For almost 24 years, Ohio’s General Assembly has failed to fix school funding. For more than ten, it’s failed to ensure the solvency of Ohio’s unemployment compensation system. And despite the indictment of former House Speaker Larry Householder on federal corruption charges, the legislature has failed to repeal House Bill 6, whose passage was the goal and result of allegedly corrupt machinations.
Yet some legislators think they should second-guess Gov. Mike DeWine when he fights to protect Ohioans from pandemics. That might be a joke – but for the fact that a committee has begun hearings on Senate Bill 22, which would do just that.
Ohio’s anti-COVID-19 war has been complicated because an 88-county state has 113 health districts. But that’s a day at the beach compared to putting 132 state senators and representatives – so cowardly they won’t require mask-wearing in the Statehouse – in charge of Ohioans’ health.
The nonpartisan Legislative Service Commission’s analysis of SB 22 states it would allow “the General Assembly to rescind any executive order issued by the Governor, or any emergency declaration issued by the Governor (no matter the method used to declare the emergency), by passing a concurrent resolution.”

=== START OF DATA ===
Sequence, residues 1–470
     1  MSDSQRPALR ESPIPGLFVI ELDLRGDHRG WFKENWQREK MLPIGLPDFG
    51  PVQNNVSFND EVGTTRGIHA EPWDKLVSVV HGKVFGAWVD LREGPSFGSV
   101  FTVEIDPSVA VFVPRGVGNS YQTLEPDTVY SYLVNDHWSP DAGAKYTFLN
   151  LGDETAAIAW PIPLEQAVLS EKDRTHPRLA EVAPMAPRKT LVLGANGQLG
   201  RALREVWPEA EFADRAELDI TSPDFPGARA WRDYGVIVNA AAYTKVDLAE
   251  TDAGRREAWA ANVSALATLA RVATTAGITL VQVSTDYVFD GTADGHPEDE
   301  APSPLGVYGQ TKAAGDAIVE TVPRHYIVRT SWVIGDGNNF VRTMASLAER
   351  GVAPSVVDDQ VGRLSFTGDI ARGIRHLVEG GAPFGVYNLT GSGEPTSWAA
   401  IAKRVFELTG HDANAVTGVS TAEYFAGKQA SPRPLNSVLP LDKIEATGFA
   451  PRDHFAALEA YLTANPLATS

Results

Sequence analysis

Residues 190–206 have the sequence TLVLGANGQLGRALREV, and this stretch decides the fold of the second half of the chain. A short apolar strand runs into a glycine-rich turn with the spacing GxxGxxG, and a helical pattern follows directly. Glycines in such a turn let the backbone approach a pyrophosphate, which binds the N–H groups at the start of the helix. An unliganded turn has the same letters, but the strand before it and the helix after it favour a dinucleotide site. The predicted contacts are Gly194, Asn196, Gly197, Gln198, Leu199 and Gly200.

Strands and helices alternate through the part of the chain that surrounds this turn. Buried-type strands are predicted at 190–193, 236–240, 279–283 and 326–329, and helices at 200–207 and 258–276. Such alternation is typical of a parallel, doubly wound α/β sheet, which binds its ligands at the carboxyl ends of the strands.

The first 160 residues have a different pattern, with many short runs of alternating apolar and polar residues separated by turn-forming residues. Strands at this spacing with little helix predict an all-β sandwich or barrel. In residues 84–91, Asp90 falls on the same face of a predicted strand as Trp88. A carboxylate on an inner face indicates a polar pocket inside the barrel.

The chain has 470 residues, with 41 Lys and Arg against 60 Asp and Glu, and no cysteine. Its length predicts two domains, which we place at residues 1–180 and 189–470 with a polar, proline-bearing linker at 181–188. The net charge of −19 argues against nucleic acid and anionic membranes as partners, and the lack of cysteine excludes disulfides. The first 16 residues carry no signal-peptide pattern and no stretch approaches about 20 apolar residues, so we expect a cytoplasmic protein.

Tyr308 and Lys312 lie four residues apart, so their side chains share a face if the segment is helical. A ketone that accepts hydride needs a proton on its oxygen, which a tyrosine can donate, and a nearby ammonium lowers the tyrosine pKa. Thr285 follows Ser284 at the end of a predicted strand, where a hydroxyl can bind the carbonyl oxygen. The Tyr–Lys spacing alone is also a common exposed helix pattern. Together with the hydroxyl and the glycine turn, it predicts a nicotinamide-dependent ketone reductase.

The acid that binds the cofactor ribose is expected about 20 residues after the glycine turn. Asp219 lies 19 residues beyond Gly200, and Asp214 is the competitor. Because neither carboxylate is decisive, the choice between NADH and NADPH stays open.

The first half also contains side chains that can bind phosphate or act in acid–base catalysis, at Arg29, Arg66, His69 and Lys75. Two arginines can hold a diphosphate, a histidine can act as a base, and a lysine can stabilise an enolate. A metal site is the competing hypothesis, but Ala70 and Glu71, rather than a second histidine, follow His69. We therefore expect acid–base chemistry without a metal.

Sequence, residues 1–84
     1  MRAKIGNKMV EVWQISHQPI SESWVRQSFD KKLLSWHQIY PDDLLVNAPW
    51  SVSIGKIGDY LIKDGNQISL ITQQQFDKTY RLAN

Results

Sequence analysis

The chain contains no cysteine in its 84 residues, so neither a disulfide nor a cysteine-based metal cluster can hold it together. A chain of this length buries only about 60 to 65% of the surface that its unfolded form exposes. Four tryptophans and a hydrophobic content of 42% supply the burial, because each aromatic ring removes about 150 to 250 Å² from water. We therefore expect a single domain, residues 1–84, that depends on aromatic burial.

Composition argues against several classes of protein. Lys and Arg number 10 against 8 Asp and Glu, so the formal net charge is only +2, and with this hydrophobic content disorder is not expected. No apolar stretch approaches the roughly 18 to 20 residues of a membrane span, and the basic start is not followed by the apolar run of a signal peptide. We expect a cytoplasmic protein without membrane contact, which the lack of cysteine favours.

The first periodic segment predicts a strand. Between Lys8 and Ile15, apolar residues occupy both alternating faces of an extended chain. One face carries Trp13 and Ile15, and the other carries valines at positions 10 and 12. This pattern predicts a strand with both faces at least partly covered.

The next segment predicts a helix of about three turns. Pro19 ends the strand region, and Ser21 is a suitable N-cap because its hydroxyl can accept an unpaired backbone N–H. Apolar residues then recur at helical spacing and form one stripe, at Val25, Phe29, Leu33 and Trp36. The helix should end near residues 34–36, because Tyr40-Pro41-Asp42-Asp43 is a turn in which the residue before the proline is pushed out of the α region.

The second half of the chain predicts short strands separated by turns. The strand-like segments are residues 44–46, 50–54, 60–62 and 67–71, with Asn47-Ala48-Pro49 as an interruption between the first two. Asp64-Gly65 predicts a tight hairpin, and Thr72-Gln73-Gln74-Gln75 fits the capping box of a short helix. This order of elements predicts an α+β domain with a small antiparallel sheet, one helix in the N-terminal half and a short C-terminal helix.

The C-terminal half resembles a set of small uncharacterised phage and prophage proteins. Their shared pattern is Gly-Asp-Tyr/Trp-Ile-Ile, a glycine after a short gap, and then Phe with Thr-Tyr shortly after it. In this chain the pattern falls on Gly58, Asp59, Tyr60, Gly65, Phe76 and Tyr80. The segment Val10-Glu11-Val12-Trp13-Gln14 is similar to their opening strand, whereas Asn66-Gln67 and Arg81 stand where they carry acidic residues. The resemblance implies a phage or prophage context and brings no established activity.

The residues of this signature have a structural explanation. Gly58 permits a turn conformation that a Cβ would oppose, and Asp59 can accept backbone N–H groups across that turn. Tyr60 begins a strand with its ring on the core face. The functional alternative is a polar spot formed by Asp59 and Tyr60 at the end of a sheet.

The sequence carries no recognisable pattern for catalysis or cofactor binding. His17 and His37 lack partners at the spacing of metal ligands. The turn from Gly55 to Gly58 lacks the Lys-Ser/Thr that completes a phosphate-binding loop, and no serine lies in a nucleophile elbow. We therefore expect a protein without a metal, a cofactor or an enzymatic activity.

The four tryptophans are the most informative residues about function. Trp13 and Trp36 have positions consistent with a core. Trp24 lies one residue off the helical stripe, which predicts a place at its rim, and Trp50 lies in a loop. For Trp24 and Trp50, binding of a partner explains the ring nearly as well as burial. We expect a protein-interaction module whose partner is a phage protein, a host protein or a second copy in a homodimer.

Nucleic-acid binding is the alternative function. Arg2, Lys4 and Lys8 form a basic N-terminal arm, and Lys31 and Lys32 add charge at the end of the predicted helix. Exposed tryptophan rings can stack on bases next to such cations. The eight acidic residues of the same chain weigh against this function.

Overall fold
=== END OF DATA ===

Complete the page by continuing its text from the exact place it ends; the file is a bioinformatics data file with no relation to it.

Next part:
Note the word “any” and the default to a resolution, not a bill. The power being sought in this broadly worded, constitutionally suspect bill could violate the Ohio Constitution in two ways, the LSC notes: first, by overriding separation of powers by giving the legislature the power to veto executive actions; and second, by allowing that to occur through legislative resolutions, not bills that can be vetoed. Talk about overreach.
True, only if Republicans can muster veto-proof majorities for SB 22 could it become law: It’s virtually certain DeWine would veto it.
Also true, questions of constitutionality have seldom prevented Ohio legislative action (or in the case of school funding, inaction). But by threatening the integrity of Ohio’s pandemic response, SB 22 also could endanger Ohioans’ lives. The bill belongs in a wastebasket, not the Revised Code.